I needed to add a smiley logic for the agents I have been developing at work. I planned smiley logic to manage itself, like a part of our brains. It was still going to be a part of AI, but the AI was not going to monitor and manage it closely as it does for the agent movement for example; an autonomous system in other words…

So, I designed an event-driven subsystem for the smiley logic. I added a SmileyManager to handle the events thrown by the game manager (someone scored, end of the game, beginning of the game, etc.), manage the time for the smileys by controlling SmileyScheduler, and forward the smiley requirements to the renderer via the game manager.

SmileyLogicDesign

But there was one important point that I had to consider: Having a realistic agent behaviour. And you know, if you want to have a realistic agent, you have to be careful what your agent does. Which means that you cannot have an agent that can send smileys under unrealistic conditions, such as while jumping or shooting, or it should not send one smiley another, and so on.

And actually this is the story how SmileyScheduler and SmileyTelegram (or messaging system in general) became a part of the story. In the end, SmileyScheduler became a layer between SmileyManager and SmileyLogic.

So, when the logic finds out that the agent should send a smiley, it creates a telegram (SmileyTelegram), and sends it to SmileyScheduler. SmileyScheduler keeps all the smiley telegrams (smiley requirements in a sense) in the order of priority, be sure that all telegrams in the list is still valid, and when the agent is available and the time is right, the scheduler makes the request from SmileyManager.

So, all these lines are basically motivation behind and the summary of how the system works. You can find more detail below, or on my GitHub page.

C++ Callbacks

There are many ways to handle callbacks in C++, but I prefer to use std::function polymorphic function wrapper with the help of std::bind. Because, the function wrapper makes the things very straight forward. You just need to keep a std::vector of the callbacks and when the time arrives, iterate through the vector and call the callbacks.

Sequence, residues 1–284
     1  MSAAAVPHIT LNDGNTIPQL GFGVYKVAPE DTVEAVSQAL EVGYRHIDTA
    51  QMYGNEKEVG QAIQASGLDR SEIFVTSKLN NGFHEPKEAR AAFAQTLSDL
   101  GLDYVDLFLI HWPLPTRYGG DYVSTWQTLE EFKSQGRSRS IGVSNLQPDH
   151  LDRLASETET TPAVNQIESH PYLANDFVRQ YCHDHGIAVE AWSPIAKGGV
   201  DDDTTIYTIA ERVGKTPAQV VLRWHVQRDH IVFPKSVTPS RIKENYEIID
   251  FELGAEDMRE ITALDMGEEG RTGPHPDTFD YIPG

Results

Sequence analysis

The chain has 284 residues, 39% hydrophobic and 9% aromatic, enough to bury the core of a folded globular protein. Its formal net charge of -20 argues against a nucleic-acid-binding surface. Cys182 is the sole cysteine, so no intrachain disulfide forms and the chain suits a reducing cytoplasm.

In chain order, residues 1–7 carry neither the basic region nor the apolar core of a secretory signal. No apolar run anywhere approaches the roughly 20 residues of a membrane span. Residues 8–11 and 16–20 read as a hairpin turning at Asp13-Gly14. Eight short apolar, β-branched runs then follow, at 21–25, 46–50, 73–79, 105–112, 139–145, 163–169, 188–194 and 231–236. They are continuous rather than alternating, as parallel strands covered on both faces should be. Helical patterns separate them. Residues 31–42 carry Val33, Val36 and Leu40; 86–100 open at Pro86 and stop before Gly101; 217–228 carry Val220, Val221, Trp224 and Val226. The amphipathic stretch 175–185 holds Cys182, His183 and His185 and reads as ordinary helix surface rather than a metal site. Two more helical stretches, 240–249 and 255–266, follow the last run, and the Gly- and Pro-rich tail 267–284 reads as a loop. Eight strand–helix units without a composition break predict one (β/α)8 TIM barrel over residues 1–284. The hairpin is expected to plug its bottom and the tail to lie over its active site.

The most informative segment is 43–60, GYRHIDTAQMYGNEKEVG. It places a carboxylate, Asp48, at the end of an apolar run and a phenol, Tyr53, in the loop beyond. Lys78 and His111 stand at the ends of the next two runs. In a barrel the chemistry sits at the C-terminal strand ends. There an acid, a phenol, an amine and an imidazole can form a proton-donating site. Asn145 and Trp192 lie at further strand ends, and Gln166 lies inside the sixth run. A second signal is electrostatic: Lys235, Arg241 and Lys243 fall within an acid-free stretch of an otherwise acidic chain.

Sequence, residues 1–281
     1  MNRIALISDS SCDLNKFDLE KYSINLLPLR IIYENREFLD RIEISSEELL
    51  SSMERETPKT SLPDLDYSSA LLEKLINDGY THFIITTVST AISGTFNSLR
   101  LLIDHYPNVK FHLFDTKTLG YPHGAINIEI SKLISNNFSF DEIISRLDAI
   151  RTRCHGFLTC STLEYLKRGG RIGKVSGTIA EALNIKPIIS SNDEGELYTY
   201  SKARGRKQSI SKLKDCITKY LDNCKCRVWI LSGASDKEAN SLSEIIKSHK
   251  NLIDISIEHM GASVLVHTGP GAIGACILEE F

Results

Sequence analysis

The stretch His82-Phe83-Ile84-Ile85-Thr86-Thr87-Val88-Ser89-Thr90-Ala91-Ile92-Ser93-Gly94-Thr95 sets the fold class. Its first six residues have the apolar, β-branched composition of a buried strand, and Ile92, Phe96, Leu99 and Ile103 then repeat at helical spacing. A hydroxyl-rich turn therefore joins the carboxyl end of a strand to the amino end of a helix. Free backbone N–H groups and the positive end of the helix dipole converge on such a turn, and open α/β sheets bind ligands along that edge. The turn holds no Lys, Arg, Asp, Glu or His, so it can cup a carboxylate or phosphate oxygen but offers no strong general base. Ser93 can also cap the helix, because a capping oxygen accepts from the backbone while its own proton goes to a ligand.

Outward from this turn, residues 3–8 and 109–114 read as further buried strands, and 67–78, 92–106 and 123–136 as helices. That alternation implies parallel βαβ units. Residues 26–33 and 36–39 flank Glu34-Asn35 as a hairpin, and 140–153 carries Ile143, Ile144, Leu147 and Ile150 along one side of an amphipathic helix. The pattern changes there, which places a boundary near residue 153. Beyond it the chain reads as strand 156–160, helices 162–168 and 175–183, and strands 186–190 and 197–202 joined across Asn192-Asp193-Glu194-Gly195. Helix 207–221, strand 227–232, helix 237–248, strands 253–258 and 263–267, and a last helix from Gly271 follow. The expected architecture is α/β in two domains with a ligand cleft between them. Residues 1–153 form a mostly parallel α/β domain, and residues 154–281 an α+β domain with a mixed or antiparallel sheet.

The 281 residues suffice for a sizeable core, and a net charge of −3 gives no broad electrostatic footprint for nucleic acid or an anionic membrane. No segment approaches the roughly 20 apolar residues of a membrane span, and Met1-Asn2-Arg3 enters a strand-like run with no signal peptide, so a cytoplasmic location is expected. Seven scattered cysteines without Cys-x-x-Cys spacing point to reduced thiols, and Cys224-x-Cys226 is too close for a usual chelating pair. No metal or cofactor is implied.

Here are some code pieces that handle adding the callbacks into the vectors and call them when the event is sent:

You can also check SmileyLogic to see how it registers itself to SmileyManager for receiving callOnFrame() calls.

Messaging System

When SmileyLogic feels that it needs to send a smiley, it prepares a SmileyTelegram and asks SmileyScheduler to handle it. The situation is like giving a package to a shipping company now. After you give the package, it is out of your control. The company makes a schedule, ships it, makes the package arrive to the desired destination, or magically get lost  on the road. It is same for SmileyScheduler too. After it receives a SmileyTelegram, it puts the telegram into a priority list (std::set in our case), and handles the list in its callOnFrame() method. It removes the invalid telegrams from the list, or makes the request if the agent is in a situation that it can send a smiley.

I am not sharing any piece of code in here since it will be long. But, you can see it on my GitHub page: GitHub/mcihanozer/C++_Callbacks_N_Messaging_System